The Jilting of Granny Weatherall

by Katherine Anne Porter

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What memories and details suggest Granny's physical and emotional strength?

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In the short story "The Jilting of Granny Weatherall," many details illustrate Granny's physical and emotional strength as she lies on her deathbed.

Granny remembers her physical strength when she "pulled through milk-leg and double pneumonia." She also remembers fencing a hundred acres, planting gardens, making clothes, and cooking food. Granny has had a busy life. Her memories also include spending long nights with "sick horses and sick negroes and sick children." All these memories speak to her physical strength.

Granny's emotional strength is illustrated through her marriage to John and her carrying on with life and raising the children after his death, even though she had been jilted by George. Also, her emotional strength is shown through her survival of the loss of her child Hapsy.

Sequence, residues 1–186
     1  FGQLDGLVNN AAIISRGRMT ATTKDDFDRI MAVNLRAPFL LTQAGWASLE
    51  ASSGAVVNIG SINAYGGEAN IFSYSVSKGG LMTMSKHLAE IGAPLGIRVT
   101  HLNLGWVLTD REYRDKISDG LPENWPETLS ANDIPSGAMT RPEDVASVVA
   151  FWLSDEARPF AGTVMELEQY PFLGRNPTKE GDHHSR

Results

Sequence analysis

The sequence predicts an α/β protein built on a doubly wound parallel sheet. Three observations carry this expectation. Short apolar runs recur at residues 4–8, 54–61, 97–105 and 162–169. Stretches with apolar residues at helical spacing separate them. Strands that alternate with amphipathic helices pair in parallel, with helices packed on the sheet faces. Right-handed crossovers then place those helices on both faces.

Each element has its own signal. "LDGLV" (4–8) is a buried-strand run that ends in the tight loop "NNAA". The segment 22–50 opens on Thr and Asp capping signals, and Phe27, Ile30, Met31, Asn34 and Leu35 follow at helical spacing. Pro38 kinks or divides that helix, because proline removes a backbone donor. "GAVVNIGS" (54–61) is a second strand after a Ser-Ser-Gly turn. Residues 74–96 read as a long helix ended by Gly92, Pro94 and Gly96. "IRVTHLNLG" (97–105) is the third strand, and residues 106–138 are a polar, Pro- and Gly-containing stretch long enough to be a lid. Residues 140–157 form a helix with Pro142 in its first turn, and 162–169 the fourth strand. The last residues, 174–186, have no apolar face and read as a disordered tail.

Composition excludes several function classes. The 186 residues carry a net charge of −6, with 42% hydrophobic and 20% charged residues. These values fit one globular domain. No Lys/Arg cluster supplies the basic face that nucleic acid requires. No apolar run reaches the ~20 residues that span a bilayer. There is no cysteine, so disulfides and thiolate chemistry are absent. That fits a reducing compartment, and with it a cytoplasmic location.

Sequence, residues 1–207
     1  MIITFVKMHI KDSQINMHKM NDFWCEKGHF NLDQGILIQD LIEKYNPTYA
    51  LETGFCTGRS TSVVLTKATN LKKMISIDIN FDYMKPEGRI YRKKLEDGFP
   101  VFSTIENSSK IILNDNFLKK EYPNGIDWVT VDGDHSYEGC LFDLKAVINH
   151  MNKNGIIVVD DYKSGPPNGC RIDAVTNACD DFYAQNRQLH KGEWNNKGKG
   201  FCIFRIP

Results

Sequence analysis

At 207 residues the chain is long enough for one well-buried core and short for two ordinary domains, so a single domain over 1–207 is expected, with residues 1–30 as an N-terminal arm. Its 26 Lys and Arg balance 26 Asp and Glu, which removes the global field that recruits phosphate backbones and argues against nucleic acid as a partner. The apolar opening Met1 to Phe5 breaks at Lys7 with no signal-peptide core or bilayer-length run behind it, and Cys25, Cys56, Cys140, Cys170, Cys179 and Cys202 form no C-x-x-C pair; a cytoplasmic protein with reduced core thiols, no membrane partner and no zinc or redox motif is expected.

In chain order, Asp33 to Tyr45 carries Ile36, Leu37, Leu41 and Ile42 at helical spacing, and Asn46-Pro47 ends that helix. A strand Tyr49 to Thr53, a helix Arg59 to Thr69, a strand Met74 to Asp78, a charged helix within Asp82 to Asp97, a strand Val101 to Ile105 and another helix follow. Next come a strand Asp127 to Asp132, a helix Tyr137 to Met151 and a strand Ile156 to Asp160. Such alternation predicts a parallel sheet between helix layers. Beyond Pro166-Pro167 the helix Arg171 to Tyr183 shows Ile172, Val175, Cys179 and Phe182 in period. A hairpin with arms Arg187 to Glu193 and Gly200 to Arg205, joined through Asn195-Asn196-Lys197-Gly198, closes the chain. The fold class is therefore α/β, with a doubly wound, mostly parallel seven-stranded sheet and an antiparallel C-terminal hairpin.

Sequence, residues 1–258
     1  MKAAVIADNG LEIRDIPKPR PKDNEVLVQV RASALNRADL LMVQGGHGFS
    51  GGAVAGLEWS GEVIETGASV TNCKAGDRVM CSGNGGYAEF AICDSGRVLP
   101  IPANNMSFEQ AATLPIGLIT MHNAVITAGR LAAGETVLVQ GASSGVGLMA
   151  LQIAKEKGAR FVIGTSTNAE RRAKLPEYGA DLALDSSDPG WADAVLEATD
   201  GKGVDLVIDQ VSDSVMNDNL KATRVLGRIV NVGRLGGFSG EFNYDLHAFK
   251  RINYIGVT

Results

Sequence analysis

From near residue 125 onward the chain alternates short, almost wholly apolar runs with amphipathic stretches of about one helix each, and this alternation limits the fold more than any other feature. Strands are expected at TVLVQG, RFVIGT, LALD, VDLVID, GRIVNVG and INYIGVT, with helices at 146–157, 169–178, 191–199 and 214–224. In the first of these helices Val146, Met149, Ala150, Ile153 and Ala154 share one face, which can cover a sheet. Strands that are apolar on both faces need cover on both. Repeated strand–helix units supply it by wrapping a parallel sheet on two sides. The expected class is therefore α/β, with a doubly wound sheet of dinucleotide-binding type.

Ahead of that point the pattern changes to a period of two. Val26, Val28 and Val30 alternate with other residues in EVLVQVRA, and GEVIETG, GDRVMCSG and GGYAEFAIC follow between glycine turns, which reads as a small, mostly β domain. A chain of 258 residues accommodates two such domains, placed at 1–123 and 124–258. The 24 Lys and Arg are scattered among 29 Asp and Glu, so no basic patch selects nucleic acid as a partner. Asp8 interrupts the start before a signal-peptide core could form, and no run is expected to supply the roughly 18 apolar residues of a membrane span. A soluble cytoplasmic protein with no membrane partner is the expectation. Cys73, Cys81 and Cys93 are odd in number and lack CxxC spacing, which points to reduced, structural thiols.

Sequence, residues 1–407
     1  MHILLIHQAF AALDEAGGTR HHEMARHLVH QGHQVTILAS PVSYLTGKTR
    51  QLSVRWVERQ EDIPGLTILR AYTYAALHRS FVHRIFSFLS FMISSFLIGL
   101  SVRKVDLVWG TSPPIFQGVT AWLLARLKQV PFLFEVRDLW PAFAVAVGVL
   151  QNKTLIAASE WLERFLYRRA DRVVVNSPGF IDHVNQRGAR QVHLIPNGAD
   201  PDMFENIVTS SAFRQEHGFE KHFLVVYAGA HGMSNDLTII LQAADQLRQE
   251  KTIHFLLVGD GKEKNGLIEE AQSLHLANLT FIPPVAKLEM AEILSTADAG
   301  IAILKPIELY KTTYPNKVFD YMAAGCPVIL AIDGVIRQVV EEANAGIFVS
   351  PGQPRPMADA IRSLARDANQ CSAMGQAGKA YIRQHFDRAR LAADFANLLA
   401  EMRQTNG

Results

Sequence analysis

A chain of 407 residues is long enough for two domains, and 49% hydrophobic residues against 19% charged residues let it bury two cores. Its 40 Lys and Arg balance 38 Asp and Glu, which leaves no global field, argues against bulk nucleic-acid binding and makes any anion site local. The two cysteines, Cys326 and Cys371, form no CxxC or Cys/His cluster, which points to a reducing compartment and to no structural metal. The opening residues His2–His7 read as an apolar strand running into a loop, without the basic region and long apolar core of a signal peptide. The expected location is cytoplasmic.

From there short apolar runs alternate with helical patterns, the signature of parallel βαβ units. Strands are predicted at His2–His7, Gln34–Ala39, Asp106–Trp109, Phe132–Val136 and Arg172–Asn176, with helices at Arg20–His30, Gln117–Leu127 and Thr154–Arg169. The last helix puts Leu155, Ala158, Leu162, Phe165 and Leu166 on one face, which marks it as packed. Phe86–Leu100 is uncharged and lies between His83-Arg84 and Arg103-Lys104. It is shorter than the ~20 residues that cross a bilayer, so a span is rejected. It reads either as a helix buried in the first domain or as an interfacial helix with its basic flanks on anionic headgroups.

Even though Granny physically survived her jilting by George, she still contemplates the event on her deathbed and wants to see him: "Yes, she had changed her mind after sixty years and she would like to see George." Perhaps Granny has not overcome the jilting, and this would be a sign of her one emotional weakness: not getting over George's betrayal.

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Granny has memories of when she cared for her children and took care of her farm.  She also helped her neighbors by caring for their sick children and their animals.  She also was able to make it through the frustration of being jilted by George.  The jilting is the key in this story. She was able to endure that, but she did carry it with her through the years.  This shows her emotional strength the best.

"For sixty years she had prayed against remembering him and against losing her soul in the deep pit of hell."


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